From the tax point of view, someone genuinely hedging their credit risk would not recognize any gain – the proceeds of the credit default swap would offset the loss on the bond.  Entities which had no off-setting losses would, on the other hand, face a stiff tax on their winnings.  The government might even also decide to treat the deductibility of the losses like gambling losses – limiting the deductibility of losses to the amount of taxable offsetting gains.  This step would probably be too drastic but would merit study.

There would be several advantages to taxing the financial derivatives market in general and the credit default swaps market in particular:

  1. The U.S. government would have a new source of revenue which would not come from the “real” economy.  This is capital that is tied up in speculative instruments, so taxing it would be unlikely to affect the “real” economy, except positively.
  2. The people who bought (or buy) credit default swaps to insure their actual risks would not be taxed, as they would exchange one asset for another at the same value.  This would preserve the product for a legitimate purpose.  This would also take some pressure off obligors because the number of players who would be willing to bet against a company (buy credit insurance against default) for only a small gain would be reduced, allowing the companies’ creditworthiness to be determined by more normal market forces, such as suppliers and banks rather than financial speculators.  Corporate bond yields might narrow as people try to purchase the outstanding paper for less than the cost of the tax if they really believe a default is in the offing.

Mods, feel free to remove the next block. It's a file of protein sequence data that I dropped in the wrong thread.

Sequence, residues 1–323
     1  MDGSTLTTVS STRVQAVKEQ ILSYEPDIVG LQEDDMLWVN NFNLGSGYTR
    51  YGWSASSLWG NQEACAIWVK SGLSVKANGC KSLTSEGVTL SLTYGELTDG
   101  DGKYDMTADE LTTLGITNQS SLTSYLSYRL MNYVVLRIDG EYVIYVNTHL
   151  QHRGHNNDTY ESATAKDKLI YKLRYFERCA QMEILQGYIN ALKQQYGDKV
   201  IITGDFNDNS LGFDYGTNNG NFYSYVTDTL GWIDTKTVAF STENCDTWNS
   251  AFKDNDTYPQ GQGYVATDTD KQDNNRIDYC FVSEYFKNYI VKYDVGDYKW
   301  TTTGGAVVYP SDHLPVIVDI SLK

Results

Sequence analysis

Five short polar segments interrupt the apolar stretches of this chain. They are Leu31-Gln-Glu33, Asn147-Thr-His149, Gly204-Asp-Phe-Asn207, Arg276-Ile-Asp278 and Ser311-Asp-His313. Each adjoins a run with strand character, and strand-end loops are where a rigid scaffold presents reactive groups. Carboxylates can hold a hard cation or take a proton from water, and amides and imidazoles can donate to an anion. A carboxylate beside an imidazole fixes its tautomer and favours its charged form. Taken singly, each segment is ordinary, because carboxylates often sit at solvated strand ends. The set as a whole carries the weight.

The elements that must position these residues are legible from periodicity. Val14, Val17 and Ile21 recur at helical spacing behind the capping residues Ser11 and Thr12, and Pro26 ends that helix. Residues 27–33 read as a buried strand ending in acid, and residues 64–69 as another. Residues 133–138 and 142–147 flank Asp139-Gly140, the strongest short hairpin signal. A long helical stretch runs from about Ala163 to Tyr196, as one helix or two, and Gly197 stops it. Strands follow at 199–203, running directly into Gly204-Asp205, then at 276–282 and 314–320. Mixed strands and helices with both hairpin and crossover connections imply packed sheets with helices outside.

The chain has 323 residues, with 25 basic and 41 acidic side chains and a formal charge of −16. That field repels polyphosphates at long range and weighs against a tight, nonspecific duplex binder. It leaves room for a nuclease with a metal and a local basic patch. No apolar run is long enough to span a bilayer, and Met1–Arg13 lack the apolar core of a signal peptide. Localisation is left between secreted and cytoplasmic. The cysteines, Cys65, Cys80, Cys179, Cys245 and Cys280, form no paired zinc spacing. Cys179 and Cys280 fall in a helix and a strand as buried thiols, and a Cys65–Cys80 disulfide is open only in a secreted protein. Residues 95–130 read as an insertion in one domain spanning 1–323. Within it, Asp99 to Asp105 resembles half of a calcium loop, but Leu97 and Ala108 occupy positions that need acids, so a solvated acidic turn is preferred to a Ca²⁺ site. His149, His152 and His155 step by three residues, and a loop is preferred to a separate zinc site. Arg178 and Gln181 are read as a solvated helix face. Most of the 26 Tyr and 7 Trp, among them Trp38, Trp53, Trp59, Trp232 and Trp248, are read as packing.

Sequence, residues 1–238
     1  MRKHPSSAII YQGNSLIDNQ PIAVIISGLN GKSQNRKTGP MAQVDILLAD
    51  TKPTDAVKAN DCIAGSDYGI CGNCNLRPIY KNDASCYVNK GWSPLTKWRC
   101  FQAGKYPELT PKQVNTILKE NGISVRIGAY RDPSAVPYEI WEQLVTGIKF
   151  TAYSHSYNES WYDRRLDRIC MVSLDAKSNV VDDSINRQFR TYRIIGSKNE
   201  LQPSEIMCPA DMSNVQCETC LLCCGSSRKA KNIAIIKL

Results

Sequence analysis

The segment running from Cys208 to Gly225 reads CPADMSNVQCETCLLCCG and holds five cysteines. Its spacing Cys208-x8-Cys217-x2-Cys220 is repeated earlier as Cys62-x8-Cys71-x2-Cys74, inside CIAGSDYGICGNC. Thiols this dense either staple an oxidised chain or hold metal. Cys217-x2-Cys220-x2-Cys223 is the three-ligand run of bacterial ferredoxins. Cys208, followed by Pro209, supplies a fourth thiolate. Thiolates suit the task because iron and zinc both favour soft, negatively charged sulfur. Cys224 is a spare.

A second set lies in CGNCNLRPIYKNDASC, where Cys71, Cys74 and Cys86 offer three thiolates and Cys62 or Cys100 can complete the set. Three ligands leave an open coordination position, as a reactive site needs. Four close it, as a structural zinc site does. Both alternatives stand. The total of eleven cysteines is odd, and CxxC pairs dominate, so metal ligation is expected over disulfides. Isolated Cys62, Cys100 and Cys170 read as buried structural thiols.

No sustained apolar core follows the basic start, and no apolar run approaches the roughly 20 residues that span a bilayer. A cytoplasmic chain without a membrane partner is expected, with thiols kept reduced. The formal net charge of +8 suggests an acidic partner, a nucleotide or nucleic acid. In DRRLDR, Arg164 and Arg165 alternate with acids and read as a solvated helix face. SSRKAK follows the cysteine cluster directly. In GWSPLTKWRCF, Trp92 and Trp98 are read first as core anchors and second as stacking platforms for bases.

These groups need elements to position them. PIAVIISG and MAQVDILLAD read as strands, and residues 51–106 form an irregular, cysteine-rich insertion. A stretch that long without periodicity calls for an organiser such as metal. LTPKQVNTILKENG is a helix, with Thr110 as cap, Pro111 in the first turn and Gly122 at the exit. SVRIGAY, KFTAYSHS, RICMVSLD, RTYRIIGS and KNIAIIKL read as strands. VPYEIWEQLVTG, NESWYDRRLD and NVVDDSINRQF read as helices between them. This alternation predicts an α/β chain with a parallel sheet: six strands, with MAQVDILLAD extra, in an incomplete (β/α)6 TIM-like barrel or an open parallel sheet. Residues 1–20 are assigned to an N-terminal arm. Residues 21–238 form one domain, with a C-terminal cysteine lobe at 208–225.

3. If a seller of credit default insurance was “too big to fail” or, as in the case of Bear Stearns, too interconnected to fail because of its credit default swap obligations, the government would obtain a vast amount of the resources for the rescue from the tax on the winners – rescues based on such payments would be a lot cheaper for the taxpayer.
  4. If the losing institution was not “too big to fail,” the taxes would be simply net revenue for the government to use for stimulus or to reduce its own deficit.
  5. It would essentially cut back the unknown taxpayer exposure to the rest of AIG’s credit default swap book as well as those in the as yet un-rescued companies and some of the banks.

There are many other benefits but these are the main ones.  This form of taxation ought to be politically popular, though financial market participants will no doubt dismiss the idea as unworkable.  There have been some calls for the speculative CDS contracts to be “torn up” – legally voided by government fiat.  That would be a good second best solution to the harmful side-effects of this market, but would pass up a marvelous opportunity to tax financial speculation for the good of the wider society.  Why close the craps game when you can keep profiting from it?

Mark Foley has worked for the business intelligence and integrity risk management firms Thatcher Associates and Forensic Investigative Associates in New York.  He has also worked in the financial services and credit risk management sector with Bank of Boston and its emerging markets spin-off in Turkey, Oyak Bank.  Mark is currently completing his PhD dissertation on contagion in global financial markets at Rutgers University, Division of Global Affairs.